Posted in books, Quest for Publication, Romance | Tagged amazon, Amazon Kindle, Amazon.com, arranged marriage, Barnes & Noble, beverly farr, Books, clean romance, fiction, Goodreads, Green Card, love, m word, Marriage of convenience, quick read, romance, Smashwords, sweet romance, True Love, writing | 4 Comments »
Romola Garai is a fine actress and I enjoyed her interpretation of Emma in the recent BBC version.
I had watched it before in ten minute chunks on YouTube, but I must have missed some of the chunks because there were moments that I had not remembered. It was good to watch it slowly over several nights and enjoy the details.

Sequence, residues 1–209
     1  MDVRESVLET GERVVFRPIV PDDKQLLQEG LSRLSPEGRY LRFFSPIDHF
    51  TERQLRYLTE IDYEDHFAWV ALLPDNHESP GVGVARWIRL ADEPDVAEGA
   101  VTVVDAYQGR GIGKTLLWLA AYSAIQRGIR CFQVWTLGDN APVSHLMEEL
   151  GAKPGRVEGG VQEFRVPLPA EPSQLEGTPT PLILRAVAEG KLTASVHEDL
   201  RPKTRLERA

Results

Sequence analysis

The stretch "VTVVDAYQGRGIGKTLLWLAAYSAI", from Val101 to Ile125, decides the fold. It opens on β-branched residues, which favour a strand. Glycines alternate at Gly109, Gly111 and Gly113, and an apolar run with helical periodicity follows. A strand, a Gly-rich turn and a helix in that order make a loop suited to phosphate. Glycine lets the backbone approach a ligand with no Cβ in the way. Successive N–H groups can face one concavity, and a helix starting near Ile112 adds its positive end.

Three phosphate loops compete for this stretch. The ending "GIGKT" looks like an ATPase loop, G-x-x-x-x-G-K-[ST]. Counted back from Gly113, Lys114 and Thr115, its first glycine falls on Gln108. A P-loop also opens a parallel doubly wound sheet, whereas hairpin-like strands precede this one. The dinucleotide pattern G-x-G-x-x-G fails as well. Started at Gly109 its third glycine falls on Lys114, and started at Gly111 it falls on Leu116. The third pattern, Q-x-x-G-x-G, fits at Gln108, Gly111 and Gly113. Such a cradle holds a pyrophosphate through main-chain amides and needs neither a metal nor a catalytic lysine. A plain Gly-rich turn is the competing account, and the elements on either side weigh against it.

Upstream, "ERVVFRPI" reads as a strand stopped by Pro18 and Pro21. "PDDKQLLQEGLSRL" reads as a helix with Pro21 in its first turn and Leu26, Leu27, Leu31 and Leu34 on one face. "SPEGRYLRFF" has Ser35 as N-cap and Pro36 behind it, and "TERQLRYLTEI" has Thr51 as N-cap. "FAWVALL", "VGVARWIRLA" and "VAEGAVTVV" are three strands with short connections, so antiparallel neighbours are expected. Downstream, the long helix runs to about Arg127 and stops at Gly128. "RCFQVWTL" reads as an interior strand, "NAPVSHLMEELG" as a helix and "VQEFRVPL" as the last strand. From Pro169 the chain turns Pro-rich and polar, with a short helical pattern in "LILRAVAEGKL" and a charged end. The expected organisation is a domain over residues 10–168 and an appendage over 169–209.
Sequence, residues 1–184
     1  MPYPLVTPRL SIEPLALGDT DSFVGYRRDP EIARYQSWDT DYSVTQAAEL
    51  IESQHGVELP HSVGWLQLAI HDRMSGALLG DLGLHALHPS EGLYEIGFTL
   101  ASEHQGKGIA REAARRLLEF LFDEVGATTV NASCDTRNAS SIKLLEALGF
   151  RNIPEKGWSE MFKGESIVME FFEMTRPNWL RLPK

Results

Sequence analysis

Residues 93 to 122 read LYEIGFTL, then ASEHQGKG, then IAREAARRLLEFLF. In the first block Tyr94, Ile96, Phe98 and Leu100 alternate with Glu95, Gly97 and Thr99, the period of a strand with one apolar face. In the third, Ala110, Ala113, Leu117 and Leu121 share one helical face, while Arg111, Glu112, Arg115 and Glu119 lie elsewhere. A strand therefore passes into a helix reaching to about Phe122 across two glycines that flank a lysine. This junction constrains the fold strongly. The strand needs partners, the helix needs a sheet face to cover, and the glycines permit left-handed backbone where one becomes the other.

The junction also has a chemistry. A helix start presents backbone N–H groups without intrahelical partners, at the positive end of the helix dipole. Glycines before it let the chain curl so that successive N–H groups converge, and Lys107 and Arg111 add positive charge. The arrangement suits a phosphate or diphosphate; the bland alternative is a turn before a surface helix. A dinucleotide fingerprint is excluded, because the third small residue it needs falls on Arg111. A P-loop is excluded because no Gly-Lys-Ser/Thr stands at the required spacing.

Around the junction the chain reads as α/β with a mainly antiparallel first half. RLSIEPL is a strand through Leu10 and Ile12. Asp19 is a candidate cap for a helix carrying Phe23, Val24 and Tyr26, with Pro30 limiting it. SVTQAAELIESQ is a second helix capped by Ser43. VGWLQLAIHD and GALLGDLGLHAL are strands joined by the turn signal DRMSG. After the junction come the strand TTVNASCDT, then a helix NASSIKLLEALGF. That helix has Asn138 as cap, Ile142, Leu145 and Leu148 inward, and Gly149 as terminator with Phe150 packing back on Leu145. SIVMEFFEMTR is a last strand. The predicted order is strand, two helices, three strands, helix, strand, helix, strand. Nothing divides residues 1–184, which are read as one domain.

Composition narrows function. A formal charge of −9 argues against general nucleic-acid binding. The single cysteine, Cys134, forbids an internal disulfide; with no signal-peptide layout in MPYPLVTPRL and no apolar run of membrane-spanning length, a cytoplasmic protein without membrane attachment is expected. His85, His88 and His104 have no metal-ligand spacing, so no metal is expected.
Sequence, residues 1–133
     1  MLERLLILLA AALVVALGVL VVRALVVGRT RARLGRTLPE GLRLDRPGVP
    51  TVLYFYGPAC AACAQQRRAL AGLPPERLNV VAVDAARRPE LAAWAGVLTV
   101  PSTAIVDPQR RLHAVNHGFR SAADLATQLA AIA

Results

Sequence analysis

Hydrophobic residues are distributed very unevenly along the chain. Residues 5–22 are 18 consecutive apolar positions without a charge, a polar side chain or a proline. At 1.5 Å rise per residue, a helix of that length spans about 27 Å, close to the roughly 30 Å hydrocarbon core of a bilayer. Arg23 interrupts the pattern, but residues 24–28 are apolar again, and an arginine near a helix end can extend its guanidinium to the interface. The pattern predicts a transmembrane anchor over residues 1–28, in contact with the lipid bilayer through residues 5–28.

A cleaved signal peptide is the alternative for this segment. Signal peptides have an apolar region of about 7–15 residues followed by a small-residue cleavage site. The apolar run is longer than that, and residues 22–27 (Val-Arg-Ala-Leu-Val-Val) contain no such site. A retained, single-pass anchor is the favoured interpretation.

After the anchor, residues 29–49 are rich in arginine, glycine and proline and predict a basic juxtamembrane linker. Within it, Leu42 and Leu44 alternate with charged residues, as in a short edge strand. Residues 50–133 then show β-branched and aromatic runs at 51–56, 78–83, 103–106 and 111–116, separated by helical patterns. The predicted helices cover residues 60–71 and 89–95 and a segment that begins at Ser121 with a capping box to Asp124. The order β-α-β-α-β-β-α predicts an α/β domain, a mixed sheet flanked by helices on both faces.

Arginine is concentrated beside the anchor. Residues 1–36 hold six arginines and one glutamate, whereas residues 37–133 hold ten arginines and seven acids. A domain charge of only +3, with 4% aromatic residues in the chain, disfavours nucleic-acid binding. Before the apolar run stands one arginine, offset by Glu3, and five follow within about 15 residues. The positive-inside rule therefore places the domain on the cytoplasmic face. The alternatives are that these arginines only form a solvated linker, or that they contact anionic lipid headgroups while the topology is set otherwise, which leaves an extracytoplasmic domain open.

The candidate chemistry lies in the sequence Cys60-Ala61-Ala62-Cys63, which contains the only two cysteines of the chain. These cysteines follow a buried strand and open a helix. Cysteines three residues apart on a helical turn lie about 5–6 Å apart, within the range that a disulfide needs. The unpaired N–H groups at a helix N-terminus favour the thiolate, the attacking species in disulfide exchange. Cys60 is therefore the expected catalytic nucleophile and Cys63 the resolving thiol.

Romola garai in Emma (Photo credit: urizenbl)
Things I found interesting:
Emma was physically awkward (leading with her chin as she walked, smiling too much, side wisps of hair always messy looking). I thought this made sense since she is the richest girl in town with a father that doesn’t correct her. Some of the her dialogue seemed particularly snobbish or selfish, though — so I’m going to have to reread the book (probably listen to Juliet Stevenson read it) and find out how much was Jane Austen and how much was Sandy Welch. (As a note, Sandy Welch wrote the wonderful screenplay for North and South, but she also wrote a screenplay for Jane Eyre that was good but included some scenes/motivations that didn’t match the novel IMHO)